Going to school? Gotta get your shots! - WALB.com, Albany News, Weather, Sports

Going to school? Gotta get your shots!

March 19, 2007

Albany - A change in the shots your child must get before entering school. Children must now get two new shots, vaccines for pneumococcal disease and Hepatitis A. And those aren't the only changes.

Everyday at Merry Acres Middle School, students come to Nurse Ross' office to be checked out for their ailments. "Very busy."

Sometimes they're sick. Sometimes they're sick of school.  Nurse Ross says, "Our average here at this school is 30, 35 children a day."

And with more than 800 kids in one building, you can bet that if a contagious illness is caught, it will be tossed around to others. Just imagine, for example if there were a massive outbreak.

Ross says, "There would be a lot of kids missing school, teachers missing days to the point where they could have to shut school down."

That's why the state has upped the requirements for student immunizations. After July 1st, all children entering kindergarten or the 6th grade must have two doses of mumps and Measles and one dose of Rubella. Right now, there's only a requirement for one of each.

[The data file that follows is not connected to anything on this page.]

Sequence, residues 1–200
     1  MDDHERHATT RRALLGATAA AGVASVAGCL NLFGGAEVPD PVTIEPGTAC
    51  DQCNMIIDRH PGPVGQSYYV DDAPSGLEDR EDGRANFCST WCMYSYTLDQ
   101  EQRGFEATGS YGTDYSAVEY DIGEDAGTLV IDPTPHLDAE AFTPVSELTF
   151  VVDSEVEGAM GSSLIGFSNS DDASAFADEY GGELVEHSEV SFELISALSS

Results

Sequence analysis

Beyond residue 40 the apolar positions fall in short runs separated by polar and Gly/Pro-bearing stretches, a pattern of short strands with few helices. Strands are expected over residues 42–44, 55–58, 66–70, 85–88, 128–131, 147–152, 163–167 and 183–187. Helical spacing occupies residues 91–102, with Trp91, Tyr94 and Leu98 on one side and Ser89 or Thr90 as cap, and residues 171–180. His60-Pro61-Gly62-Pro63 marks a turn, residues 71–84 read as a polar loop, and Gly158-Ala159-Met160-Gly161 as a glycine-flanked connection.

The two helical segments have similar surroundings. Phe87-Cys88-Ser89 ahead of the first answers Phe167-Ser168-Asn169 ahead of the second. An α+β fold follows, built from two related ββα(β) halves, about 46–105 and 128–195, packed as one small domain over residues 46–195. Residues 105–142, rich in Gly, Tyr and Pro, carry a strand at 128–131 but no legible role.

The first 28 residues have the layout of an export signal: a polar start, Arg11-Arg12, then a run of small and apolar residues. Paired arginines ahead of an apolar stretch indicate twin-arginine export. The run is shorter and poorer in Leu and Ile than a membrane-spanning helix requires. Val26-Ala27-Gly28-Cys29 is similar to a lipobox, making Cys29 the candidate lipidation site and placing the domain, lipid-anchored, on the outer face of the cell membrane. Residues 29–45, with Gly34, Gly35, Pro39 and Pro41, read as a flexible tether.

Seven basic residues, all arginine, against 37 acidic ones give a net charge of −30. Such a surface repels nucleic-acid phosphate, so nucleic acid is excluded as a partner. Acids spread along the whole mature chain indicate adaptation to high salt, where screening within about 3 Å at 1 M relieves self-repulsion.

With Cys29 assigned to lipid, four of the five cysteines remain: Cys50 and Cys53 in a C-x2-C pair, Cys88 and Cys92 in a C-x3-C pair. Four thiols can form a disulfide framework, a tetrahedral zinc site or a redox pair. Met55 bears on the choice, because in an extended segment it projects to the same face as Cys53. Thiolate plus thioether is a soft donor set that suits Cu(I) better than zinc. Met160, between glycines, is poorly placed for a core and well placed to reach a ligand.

A second dose of Varicella has also been added. You may not be familiar with that name, but you're certainly familiar with what it's commonly known as, Chickenpox.

Tom Seegmueller says, "We've had children with one shot that are still having a weakened form of the disease and spreading it on. So, a boost may be needed to make sure that children are protected. "That's why we're going to the second dose on vericella, is to cut back on breakthrough."

Two new vaccines have been added to the list. Children under five will be required to have the vaccine against pneumococcal disease and children born on or after January 1st 2006 will need protection against Hepatitis A. "Some of these diseases could be life threatening or pose other problems that could last a lifetime," says Ross.

Schools and day care centers will require proof of immunizations before allowing your child to attend. You can also call your local health department or your child's pediatrician for more information.

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